It also suggests that the rate of decarbonisation may slow down dramatically when the easy gains – *permanently* shutting coal plants – have been made. And that hints at much higher carbon prices in the future.
Here’s the development in energy prices this year:
That calendar 2022 gas price has more than doubled. Carbon is up about 85%, and German calendar 2022 baseload power has risen 77%.
I looked at the up-ending of European generation economics earlier this summer, when one analyst described it as a “crisis of confidence” in carbon prices.
You can argue that the current gas market situation represents a “perfect storm” of sorts, with tight supply, high prices, and a market that needs to price gas *out* of the power generation merit order so that it can rebuild storages before the winter. But that’s the subject for another column.
Once that short-term gas price problem is solved, we will return to the issue of how Europe progresses to the next level of decarbonisation. If we don’t have the easy gains of switching off coal, where does the next tranche of reductions come from?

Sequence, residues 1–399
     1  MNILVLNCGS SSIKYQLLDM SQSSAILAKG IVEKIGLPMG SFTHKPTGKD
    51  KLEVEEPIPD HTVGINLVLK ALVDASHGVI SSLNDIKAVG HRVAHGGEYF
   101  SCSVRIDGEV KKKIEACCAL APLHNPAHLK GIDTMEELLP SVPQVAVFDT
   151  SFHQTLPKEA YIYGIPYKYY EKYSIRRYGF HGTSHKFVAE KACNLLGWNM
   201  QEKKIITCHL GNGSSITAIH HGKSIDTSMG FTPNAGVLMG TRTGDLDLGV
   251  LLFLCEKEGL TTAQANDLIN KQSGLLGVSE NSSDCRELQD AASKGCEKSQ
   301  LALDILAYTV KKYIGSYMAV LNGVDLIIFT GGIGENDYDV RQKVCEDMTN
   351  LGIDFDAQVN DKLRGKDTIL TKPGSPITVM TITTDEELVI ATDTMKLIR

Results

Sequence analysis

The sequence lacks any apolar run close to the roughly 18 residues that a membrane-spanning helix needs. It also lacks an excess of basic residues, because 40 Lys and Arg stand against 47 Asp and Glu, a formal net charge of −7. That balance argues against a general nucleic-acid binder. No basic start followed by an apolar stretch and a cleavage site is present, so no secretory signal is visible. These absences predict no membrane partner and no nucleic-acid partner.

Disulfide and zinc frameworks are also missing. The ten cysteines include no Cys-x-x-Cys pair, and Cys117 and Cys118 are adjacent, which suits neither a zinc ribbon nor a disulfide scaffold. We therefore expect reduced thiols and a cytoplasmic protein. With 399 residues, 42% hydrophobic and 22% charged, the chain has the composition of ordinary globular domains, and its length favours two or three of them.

The EU has already said that carbon prices need to reach around €90 by 2030 in order to enable green hydrogen to replace fossil fuels in some industrial applications, and considerably higher than that to bring hydrogen into pure energy applications.
In short, practically and politically, the carbon price isn’t high enough at the moment. It *was*, but the matrix of energy prices has moved fast and EUAs haven’t kept up.
Yet at the same time, prices may well be too high for the fundamental demand/supply that they are supposed to represent.
Given that the European Commission calculated that the market’s Total Number of Allowances in Circulation (TNAC) represented a surplus of more than 1.5 billion allowances in 2020 – more than one year’s emissions from the entire market – the rising price of carbon may not necessarily reflect the market’s intrinsic supply/demand balance.
And that EUA surplus increased between 2019 and 2020, from 1.385 billion to 1.579 billion. Yes, blame COVID for that, but the fact remains that there are more extra EUAs swilling around the market today than there were in 2019, and yet the price has more than doubled.